Definition: when a defendant claims that he or she would not have broken the law if not tricked into doing so by law enforcement officials.
“Entrapment never happens,” DEA special agent Steve told me once. “There is too much at stake.”
In fact, the DEA’s federal conviction rate is almost 99% because of the agents’ ability to produce a concrete case and connect the dots. They do it, in part, by avoiding any whiff of entrapment.
The protocol was to meet the suspect more than once and keep the conversations similar, and never have any communication with the suspect that wasn’t recorded by the DEA.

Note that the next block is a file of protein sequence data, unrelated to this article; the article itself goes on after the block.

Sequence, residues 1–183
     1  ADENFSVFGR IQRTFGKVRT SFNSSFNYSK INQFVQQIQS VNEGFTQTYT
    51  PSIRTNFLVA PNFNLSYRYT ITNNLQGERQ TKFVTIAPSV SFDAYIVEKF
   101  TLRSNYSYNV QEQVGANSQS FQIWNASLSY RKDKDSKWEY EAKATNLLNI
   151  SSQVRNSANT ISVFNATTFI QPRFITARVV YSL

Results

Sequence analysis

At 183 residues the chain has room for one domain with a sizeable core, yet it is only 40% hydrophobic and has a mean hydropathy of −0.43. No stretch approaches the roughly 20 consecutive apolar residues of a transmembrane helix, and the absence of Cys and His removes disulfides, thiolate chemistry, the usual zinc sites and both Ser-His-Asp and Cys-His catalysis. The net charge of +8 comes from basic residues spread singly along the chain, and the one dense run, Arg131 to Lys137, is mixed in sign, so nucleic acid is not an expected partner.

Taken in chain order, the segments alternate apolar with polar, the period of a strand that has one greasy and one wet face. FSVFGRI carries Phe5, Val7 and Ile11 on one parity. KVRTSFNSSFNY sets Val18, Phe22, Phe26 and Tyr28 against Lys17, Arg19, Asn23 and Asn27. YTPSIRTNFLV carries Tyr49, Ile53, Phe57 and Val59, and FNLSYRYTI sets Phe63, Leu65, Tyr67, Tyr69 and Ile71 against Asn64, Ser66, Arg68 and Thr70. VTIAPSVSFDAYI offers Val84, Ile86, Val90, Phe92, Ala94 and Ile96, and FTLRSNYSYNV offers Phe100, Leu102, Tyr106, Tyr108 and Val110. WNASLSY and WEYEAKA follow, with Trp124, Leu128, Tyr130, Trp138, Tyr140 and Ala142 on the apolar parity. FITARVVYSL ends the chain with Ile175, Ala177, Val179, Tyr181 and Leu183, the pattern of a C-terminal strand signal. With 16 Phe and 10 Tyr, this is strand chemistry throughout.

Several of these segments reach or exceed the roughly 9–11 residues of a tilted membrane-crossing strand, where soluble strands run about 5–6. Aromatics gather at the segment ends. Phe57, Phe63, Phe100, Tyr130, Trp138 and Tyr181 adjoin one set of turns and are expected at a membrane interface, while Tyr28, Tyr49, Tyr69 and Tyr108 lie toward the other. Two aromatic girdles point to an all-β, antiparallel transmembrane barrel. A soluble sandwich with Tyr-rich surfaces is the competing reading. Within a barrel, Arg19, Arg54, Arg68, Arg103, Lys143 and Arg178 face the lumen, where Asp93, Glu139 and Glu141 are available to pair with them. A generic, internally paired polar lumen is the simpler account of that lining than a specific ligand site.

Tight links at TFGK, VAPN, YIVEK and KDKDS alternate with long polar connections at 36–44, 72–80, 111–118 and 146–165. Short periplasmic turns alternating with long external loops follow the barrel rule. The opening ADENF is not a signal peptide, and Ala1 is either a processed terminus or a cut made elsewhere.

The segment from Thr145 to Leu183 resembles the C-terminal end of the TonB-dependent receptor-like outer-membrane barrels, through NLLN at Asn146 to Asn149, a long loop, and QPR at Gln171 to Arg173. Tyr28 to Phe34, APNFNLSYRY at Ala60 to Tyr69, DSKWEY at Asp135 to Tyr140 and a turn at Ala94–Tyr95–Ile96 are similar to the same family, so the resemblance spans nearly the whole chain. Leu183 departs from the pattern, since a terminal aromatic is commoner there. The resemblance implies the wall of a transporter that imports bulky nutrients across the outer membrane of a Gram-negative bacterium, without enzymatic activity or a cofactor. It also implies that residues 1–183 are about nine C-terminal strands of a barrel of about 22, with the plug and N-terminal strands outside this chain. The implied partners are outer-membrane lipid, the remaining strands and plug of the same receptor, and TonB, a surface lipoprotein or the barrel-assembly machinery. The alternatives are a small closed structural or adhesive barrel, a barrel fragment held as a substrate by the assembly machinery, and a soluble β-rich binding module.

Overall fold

In my first two cases, DEA special agent Steve told me to always be aware of the issue of entrapment and avoid it. He told me to zip it, to talk less, and listen more. Let the suspect engage me with the drug deal. Be more like a reporter. Ask a question. Let the suspect answer. Let him incriminate himself.
That way it’s crystal clear that the suspect chose to engage in a drug deal — and, later, he can’t cry foul and get away with it